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WASHINGTON — U.S. producer prices edged up slightly in January as the biggest rise in food costs in eight months offset a further decline in energy prices. The tiny overall increase indicated that inflation pressures remain modest.

The Labor Department said Wednesday that its Producer Price Index rose 0.1 percent in January after having fallen 0.2 percent in December. Over the past year, the PPI, which measures inflation pressures before they reach the consumer, is down 0.2 percent.

Core inflation, which excludes energy and food, rose 0.4 percent in January, the biggest one-month jump in 15 months. Over the past 12 months, core inflation is up 0.6 percent.

A big drop in energy prices in the past two years and a strong dollar have combined to keep inflation low.

Jennifer Lee, senior economist at BMO Capital Markets, said the increase in core prices at the wholesale level could attract attention at the Federal Reserve, where a number of officials have said they will be watching for signs of higher inflation in determining when to raise a key interest rate again.

The Fed raised the rate in December for the first time in seven years but held off boosting rates in January.

The Fed has said further increases will depend on seeing movement toward achieving the Fed’s goal of annual price increases of 2 percent. The Fed believes that is the optimal level for inflation and readings below that target raise concerns about the potential threat of deflation.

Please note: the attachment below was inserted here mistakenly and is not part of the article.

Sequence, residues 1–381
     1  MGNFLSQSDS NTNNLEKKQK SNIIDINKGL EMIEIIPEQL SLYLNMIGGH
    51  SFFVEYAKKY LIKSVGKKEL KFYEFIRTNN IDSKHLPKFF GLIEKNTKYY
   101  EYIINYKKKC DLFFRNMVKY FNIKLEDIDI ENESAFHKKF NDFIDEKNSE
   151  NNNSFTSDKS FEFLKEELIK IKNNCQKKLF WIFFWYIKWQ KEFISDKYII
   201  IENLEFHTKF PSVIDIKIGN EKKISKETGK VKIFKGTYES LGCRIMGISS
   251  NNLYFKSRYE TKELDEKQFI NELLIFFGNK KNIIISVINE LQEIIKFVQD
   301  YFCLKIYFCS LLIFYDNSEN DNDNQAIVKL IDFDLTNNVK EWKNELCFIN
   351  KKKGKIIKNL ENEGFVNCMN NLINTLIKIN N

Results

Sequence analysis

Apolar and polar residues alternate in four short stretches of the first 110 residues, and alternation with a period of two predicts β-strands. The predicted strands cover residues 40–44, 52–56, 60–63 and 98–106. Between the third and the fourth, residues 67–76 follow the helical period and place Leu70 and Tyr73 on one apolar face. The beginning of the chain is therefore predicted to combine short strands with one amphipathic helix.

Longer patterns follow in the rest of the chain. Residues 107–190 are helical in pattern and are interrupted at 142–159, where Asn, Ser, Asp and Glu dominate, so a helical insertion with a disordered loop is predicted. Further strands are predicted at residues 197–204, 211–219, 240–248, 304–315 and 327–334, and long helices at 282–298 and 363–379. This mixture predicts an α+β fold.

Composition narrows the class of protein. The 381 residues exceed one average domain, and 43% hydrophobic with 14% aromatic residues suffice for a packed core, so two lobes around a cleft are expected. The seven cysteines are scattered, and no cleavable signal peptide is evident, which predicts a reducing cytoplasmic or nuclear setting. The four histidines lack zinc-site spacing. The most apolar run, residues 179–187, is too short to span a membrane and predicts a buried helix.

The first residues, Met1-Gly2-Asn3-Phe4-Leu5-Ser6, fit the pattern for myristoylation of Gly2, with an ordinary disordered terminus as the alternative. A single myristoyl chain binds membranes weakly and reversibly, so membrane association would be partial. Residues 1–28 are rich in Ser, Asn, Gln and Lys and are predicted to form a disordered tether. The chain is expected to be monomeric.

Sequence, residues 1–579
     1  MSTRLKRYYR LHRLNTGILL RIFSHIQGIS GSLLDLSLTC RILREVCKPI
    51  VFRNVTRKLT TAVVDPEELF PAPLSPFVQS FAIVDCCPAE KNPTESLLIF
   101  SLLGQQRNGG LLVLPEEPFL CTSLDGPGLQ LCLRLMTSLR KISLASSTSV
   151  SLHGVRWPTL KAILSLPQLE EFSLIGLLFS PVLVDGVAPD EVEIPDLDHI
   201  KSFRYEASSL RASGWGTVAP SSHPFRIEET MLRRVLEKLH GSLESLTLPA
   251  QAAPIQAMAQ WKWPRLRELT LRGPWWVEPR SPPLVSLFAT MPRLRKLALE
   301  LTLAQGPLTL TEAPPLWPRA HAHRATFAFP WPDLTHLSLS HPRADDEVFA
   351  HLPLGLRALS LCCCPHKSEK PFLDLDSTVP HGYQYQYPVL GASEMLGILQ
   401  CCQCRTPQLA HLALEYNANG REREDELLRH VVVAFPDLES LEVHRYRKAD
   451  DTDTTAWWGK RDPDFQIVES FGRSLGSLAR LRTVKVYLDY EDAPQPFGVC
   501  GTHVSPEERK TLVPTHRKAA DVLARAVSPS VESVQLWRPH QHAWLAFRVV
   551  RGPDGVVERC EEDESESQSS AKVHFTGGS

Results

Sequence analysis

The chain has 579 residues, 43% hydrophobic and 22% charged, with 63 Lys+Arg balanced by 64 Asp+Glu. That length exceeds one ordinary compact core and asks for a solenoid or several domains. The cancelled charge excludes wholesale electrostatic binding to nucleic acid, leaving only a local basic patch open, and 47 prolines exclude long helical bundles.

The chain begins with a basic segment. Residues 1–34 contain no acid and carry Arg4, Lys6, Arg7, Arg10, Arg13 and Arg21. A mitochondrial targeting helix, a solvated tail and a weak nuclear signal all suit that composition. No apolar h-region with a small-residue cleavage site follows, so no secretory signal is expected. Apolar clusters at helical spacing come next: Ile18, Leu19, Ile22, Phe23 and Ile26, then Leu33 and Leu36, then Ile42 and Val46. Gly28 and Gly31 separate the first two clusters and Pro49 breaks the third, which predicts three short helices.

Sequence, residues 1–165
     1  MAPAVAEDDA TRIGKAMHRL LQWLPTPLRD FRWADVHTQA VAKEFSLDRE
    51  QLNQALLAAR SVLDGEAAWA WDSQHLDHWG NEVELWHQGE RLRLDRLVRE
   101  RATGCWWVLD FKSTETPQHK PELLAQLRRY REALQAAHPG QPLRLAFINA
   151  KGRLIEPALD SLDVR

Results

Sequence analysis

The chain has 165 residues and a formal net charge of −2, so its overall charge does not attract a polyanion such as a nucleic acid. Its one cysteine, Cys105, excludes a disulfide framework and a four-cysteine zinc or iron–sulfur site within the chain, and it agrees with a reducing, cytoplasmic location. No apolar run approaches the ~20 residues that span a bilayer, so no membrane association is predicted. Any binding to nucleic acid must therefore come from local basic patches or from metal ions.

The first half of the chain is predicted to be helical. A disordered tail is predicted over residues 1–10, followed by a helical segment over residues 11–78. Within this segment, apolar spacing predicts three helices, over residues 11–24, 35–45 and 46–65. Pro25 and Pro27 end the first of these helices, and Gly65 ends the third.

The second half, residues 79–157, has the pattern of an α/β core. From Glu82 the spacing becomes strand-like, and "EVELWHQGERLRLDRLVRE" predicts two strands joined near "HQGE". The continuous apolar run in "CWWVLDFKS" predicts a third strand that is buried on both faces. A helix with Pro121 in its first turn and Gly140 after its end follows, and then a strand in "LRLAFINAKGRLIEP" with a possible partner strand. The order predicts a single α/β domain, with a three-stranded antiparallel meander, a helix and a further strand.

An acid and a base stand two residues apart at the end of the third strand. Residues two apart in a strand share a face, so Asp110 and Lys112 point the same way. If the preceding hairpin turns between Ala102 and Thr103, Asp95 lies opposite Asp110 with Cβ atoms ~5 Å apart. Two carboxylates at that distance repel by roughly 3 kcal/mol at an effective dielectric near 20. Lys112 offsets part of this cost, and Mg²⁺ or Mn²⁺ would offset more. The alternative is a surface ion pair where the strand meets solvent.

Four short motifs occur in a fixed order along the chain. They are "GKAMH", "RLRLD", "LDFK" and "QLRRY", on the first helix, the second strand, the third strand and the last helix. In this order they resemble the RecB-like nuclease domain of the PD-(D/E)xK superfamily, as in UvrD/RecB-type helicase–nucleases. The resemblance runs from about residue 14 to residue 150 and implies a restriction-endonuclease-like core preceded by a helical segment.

Inflation pressures at the consumer level have also been low. For all of 2015, consumer prices were up just 0.7 percent, the smallest annual increase in seven years.

For January, energy prices fell 5 percent, reflecting big drops in all types of energy. Gasoline prices were down 8.8 percent. The nationwide average for a gallon of gas now stands at $1.71, 55 cents lower than a year ago, according to AAA.

Food costs jumped 1 percent in January with big increases in the cost of fish, beef and vegetables.

In other economic reports Wednesday:

The Commerce Department said cold weather appears to have cut into home construction as housing starts slipped 3.8 percent last month to a seasonally adjusted annual rate of 1.1 million homes.

A sharp 12.8 percent decline in construction in the Midwest and a 3.7 percent dip in the Northeast propelled the broader decrease, with construction also falling in the South. It was nearly unchanged in the West.

The Federal Reserve said manufacturing output rose 0.5 percent in January, after falling in four of the previous five months. The increase was the biggest since July.

Overall industrial production, which includes mining and utilities, added 0.9 percent, the biggest jump in 14 months.

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